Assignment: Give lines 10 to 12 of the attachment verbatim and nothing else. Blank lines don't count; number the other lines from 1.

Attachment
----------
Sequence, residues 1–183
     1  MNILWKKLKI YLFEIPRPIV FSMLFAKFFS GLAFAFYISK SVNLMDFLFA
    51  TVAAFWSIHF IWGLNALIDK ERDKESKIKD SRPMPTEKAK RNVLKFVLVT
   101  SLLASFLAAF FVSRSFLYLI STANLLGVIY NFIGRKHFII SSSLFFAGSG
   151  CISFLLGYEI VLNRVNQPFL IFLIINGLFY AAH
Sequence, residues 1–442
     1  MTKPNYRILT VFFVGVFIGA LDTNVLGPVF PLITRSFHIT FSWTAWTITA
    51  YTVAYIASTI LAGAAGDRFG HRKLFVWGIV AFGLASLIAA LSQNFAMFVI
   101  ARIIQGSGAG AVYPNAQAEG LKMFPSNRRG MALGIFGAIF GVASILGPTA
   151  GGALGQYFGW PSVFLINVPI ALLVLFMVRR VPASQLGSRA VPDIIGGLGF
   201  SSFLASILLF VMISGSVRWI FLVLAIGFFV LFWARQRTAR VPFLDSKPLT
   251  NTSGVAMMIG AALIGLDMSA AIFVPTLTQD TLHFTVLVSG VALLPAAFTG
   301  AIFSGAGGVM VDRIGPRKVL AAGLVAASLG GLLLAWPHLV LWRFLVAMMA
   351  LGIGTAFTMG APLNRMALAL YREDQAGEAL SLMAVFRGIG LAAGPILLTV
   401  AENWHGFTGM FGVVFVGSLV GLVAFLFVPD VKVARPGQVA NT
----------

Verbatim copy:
   151  GGALGQYFGW PSVFLINVPI ALLVLFMVRR VPASQLGSRA VPDIIGGLGF
   201  SSFLASILLF VMISGSVRWI FLVLAIGFFV LFWARQRTAR VPFLDSKPLT
   251  NTSGVAMMIG AALIGLDMSA AIFVPTLTQD TLHFTVLVSG VALLPAAFTG